Macarius The Egyptian (Macarius The Great), Saint


The illustrious fourth-century anchorite in the desert of SCETIS (feast day: 27 Baramhat). He was called the Great, or the Egyptian, to distinguish him from his contemporary, MACARIUS ALEXANDRINUS. A monastery in Scetis is still called by his name, DAYR ANBA MAQAR.

Macarius the Egyptian was born about 300 in the village of Jijber, situated in the southwest part of the Delta. After living for some time as a hermit near a village, he withdrew about 330 into the Wadi al-Natrun. He first established himself near the lakes that occupy the bottom of the wadi, then penetrated farther south into the desert region where DAYR AL-BARAMUS is today. He there prepared for himself a cave comprising two rooms, one of which served as an oratory.

He then received his first two disciples, to whom tradition has given the names of MAXIMUS AND DOMITIUS, called the Romans. Later he reached the western part of the wadi and installed himself in a cave not far from the place where the monastery that bears his name stands today. It appears that there quickly gathered around him a numerous community of monks who desired to live following his example and his directions. According to RUFINUS (Historia ecclesiastica 2.4) and the SYNAXARION (13 Baramhat), he was deported with Macarius Alexandrinus during the Arian persecution in 374 to an island in the Delta. He returned shortly afterward to Scetis, where he died about 390.

The Coptic sources—the Life of Saint Macarius (falsely attributed to SERAPION OF TMUIS), the collection of the Virtues of Saint Macarius, and the Arabic-Jacobite Synaxarion—have a tendency to exaggerate Macarius’ relations with Saint ANTONY. Saint Antony is said to have given him the monastic habit, then advised him to accept priesthood. Furthermore, confusing him with another Macarius, superior of the monastery of Pispir, they have him present at the saint’s death and burying his corpse. However, Macarius’ relations with Antony are well attested by the APOPHTHEGMATA PATRUM, which reports two visits made by Macarius to Antony. He can be considered a disciple of Saint Antony.

The prestige and authority of Macarius were great even during his lifetime, not only among the monks of Scetis but also among those of the deserts of Nitria and the KELLIA. EVAGRIUS PONTICUS, a resident in the Kellia, traveled about 25 miles (40 km) to Scetis to consult Macarius, who was considered by Evagrius to be a master. It was said of Macarius that he was “a god on earth.” Immediately after his death, perhaps even in his lifetime, marvelous stories were spread about him, attributing to him many cures and miracles, sometimes confused with those attributed to Macarius Alexandrinus.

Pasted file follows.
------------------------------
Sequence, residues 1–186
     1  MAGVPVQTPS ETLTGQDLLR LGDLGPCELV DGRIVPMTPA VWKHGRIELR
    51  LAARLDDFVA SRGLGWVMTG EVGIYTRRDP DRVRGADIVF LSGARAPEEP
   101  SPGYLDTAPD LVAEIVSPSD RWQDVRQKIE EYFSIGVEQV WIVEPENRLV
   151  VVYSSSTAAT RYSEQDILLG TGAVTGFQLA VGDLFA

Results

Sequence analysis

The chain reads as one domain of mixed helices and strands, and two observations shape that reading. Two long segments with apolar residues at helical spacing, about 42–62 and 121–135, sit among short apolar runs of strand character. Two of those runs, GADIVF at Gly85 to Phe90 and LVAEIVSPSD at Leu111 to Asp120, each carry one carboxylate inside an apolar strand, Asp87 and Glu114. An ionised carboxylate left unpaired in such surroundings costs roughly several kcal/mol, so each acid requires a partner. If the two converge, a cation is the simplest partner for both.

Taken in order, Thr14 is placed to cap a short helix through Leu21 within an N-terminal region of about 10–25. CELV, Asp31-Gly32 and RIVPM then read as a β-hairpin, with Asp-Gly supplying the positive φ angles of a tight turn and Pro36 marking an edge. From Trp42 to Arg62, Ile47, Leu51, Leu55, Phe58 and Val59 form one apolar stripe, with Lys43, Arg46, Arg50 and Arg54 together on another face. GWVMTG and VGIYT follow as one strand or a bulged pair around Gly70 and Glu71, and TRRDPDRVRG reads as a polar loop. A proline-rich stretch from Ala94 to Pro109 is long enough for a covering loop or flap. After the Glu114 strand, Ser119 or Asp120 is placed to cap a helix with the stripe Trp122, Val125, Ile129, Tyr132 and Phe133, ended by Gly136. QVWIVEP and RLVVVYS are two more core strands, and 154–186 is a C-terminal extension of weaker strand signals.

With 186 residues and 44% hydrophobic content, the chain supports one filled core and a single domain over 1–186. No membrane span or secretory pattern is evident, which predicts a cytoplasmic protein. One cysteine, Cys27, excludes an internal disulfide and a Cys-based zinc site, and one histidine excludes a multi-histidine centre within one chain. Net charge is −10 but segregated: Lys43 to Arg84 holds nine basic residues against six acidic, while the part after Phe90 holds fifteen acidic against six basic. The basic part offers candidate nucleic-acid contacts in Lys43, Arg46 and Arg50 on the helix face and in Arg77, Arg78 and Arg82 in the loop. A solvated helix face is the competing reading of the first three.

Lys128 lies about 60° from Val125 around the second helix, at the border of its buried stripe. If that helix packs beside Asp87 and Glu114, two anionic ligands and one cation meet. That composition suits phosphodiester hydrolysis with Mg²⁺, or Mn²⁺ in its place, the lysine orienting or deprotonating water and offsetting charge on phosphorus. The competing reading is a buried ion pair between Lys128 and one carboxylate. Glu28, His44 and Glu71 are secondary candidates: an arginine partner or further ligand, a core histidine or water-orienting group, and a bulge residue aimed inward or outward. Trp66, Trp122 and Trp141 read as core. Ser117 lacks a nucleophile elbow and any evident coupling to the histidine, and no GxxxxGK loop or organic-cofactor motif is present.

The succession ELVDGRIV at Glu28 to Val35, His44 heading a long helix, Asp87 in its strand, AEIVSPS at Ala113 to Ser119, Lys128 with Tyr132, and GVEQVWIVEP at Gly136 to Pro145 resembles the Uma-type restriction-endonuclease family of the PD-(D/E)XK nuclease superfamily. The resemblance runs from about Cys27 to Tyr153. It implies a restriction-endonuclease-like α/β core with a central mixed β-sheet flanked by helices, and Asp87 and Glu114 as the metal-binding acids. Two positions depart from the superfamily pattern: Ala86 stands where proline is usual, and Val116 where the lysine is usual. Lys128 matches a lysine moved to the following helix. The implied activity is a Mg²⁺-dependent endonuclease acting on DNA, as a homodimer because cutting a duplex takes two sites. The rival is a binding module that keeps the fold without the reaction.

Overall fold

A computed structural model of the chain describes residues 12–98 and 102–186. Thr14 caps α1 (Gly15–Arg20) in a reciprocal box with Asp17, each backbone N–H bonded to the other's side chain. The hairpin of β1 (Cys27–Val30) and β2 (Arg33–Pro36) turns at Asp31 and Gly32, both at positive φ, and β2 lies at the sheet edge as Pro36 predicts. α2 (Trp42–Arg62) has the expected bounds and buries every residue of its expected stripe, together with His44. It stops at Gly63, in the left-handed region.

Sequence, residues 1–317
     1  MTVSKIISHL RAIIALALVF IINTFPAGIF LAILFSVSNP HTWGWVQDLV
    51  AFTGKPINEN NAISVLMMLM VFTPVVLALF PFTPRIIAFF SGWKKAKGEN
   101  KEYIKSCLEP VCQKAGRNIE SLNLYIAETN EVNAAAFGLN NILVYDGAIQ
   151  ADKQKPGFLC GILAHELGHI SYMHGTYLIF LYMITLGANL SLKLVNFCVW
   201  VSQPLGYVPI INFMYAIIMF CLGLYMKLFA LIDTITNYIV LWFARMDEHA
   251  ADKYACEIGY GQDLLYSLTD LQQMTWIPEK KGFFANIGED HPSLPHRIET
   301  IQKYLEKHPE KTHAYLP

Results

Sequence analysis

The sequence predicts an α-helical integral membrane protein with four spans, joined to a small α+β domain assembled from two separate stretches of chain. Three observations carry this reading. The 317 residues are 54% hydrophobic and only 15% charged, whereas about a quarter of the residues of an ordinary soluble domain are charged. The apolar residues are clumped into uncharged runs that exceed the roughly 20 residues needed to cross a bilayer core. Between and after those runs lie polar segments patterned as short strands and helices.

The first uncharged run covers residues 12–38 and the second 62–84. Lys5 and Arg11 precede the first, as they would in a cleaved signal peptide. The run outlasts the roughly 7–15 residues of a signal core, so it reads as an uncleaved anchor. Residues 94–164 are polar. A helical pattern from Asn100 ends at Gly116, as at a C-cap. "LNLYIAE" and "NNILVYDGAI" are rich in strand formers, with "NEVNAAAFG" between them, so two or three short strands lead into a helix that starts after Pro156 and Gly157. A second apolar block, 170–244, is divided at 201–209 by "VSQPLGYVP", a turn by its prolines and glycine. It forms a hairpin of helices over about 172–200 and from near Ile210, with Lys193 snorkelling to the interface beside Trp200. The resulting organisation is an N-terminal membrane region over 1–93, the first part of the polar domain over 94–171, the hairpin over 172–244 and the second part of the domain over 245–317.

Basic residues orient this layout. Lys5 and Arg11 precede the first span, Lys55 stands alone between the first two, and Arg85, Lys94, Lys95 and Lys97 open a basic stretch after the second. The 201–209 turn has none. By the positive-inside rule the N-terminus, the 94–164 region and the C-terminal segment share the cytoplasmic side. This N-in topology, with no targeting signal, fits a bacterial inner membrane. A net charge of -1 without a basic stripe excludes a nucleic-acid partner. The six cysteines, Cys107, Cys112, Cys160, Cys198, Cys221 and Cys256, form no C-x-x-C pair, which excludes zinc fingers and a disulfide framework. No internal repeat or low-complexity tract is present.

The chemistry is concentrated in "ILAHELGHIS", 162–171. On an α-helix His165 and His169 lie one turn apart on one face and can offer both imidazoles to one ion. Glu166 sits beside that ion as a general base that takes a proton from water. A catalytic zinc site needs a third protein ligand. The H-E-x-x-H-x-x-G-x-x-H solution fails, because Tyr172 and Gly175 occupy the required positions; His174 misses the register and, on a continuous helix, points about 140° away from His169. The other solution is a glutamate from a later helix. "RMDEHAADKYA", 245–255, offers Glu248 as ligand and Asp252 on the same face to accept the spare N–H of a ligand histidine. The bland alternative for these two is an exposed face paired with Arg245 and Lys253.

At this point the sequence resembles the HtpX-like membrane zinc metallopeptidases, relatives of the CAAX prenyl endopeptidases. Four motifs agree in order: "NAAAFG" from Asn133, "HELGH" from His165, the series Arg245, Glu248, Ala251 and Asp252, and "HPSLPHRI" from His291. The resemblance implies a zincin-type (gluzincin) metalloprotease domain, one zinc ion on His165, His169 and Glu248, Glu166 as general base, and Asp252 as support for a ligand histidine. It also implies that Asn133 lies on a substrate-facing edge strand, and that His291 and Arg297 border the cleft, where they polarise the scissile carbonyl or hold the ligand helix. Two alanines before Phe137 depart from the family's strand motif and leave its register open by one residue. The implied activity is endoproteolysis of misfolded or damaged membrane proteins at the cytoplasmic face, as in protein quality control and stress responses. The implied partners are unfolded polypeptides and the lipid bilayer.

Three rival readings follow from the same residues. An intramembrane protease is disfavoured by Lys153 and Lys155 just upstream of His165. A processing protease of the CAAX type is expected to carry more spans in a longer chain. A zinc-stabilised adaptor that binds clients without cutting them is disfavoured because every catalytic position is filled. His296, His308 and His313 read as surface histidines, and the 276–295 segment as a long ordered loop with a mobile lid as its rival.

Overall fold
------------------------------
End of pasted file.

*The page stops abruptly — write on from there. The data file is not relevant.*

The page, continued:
According to a narrative preserved in Coptic about the translation of the relics of Saint Macarius, and according to the Arabic-Jacobite Synaxarion, the people of Jijber, learning of the miracles wrought around his tomb after his death, stole the body of Macarius and carried it to their village to a church specially built to receive it. After the ARAB CONQUEST OF EGYPT, since Jijber was in ruins, the body was transferred to another town, Elmi, and in the time of the Patriarch JOHN IV (775-799) brought back to Scetis, where it was deposited in the church of Dayr Anba Maqar, where it is venerated today.

Various writings have come down under the name of Macarius. The only one that has some chance of being authentic is a letter known in Latin under the title Ad filios Dei, extant also in Syriac and Armenian and in the original Greek text, recently edited by W. Strothmann. A rich collection of treatises, letters, and homilies has been handed down in Greek under his name (and sometimes under that of Macarius Alexandrinus), among them the famous fifty Spiritual Homilies, some passages of which are found again in the collection of the Virtues of Saint Macarius, a late compilation of Greek origin. But since L. Villecourt showed the close relation of these homilies with the Messalian movement, it is generally admitted that these pseudo-Macarian writings are in reality of Syrian origin.


  • Amélineau, E. Histoire des monastères de la Basse-Egypte. Annales du Musée Guimet 25, pp. 46-234. Paris, 1894.
  • Cotelier, J. B., ed. Apophthegmata Patrum. In PG 65, cols. 257-81. Paris, 1864.
  • Dorries, H.; E. Klostermann; and M. Kroeger. Die 50 geistlichen Homilien des Makarios. Berlin, 1964.
  • Evelyn-White, H. G. The Monasteries of the Wadi’n Natrun, pt. 1; New Coptic Texts from the Monastery of Saint Macarius, pp. 120-35. New York, 1926. Pt. 2. The History of the Monasteries of Nitria and Scetis, pp. 60-72. New York, 1932.
  • Festugière, A.-J. Historia Monachorum in Aegypto. Edition critique du texte grec et traduction annotée, pp. 123-28. Brussels, 1971.
  • Guillaumont, A. “Le Problème des deux Macaire dans les Apophthegmata Patrum.” Irenikon 48 (1975):41-59.
  • Strothmann, W. Die syrische Überlieferung der Schriften des Makarios, pt. 1, pp. 74-84 (Syriac text); pt. 2, pp. 16-22 (Greek text); pp. 50-55 (German translation). Wiesbaden, 1981.
  • Villecourt, L. “La Date et l’origine des ‘Homélies spirituelles’ attribuées à Macaire.” Comptes rendus de l’Académie des inscriptions et belles-lettres, pp. 250-58. Paris, 1920.
  • Wilmart, A. “La Lettre spirituelle de l’abbé Macaire.” Revue d’ascétique et de mystique 1 (1920):58-83.


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